No Uralic language has exactly the idealized typological profile of the family. Typological features with varying presence among the modern Uralic language groups include:[65]

Many relationships between Uralic and other language families have been suggested, but none of these is generally accepted by linguists at the present time: All of the following hypotheses are minority views at the present time in Uralic studies.

The Uralic–Yukaghir hypothesis identifies Uralic and Yukaghir as independent members of a single language family. It is currently widely accepted that the similarities between Uralic and Yukaghir languages are due to ancient contacts.[66] Regardless, the hypothesis is accepted by a few linguists and viewed as attractive by a somewhat larger number.

The Eskimo–Uralic hypothesis associates Uralic with the Eskimo–Aleut languages. This is an old thesis whose antecedents go back to the 18th century. An important restatement of it is Bergsland 1959.[67]

Uralo-Siberian is an expanded form of the Eskimo–Uralic hypothesis. It associates Uralic with Yukaghir, Chukotko-Kamchatkan, and Eskimo–Aleut. It was propounded by Michael Fortescue in 1998.[68] It is currently the most supported hypothesis regarding close relatives of Uralic. Modern supporters include Morris Swadesh, Juha Janhunen and Häkkinen. Michael Fortescue (2017) present next to new linguistic evidence also several genetic studies, that support a common origin of the included groups, with a suggested homeland somewhere in Northeast Asia.[69]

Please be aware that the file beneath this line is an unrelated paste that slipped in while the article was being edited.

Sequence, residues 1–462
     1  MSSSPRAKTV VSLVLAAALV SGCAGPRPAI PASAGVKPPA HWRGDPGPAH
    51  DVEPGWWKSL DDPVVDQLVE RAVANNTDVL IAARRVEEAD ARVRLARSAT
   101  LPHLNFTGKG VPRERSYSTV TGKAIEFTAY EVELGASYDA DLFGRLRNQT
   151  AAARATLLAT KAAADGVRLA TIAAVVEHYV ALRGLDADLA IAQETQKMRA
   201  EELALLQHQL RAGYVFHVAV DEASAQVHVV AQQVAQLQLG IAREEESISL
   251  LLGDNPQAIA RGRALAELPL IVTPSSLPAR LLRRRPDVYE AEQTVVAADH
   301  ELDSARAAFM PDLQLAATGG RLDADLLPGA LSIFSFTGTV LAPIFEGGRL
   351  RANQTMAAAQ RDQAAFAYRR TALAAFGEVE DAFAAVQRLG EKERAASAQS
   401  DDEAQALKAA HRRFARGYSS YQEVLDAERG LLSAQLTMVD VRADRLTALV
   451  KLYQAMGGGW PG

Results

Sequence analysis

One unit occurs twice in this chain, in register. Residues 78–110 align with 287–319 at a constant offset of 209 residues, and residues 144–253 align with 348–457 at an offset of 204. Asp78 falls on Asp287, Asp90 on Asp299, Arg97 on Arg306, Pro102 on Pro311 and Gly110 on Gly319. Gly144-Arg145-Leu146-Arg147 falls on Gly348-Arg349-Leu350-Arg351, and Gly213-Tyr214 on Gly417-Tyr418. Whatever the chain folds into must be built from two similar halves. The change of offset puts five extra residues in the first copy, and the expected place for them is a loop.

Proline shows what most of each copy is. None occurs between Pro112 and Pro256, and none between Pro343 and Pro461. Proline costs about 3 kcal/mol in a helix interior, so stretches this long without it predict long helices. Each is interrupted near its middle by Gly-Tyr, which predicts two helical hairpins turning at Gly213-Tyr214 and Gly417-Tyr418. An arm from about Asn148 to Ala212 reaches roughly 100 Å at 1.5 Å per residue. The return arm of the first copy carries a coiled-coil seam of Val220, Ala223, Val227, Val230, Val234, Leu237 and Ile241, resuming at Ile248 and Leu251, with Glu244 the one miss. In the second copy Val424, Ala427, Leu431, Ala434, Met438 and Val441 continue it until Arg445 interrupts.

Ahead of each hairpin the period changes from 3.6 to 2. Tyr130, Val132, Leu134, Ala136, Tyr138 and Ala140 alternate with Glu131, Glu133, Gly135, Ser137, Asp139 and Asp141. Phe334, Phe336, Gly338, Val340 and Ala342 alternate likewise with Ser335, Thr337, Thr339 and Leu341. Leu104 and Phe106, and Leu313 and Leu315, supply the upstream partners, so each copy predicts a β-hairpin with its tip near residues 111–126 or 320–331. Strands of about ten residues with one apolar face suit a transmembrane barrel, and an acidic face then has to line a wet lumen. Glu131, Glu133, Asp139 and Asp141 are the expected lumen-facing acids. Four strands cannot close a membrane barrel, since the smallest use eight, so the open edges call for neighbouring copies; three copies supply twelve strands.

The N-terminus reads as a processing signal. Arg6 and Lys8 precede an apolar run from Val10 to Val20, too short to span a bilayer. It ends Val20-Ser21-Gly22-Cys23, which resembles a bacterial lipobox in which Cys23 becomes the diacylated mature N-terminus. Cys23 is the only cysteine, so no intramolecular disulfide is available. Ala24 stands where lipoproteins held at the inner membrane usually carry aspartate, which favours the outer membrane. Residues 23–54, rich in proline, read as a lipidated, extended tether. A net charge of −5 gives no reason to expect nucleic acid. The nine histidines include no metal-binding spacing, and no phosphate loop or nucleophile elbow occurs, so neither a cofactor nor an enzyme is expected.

Theories proposing a close relationship with the Altaic languages were formerly popular, based on similarities in vocabulary as well as in grammatical and phonological features, in particular the similarities in the Uralic and Altaic pronouns and the presence of agglutination in both sets of languages, as well as vowel harmony in some. For example, the word for "language" is similar in Estonian (keel) and Mongolian (хэл (hel)). These theories are now generally rejected[70] and most such similarities are attributed to language contact or coincidence.

The Indo-Uralic (or Uralo-Indo-European) hypothesis suggests that Uralic and Indo-European are related at a fairly close level or, in its stronger form, that they are more closely related than either is to any other language family.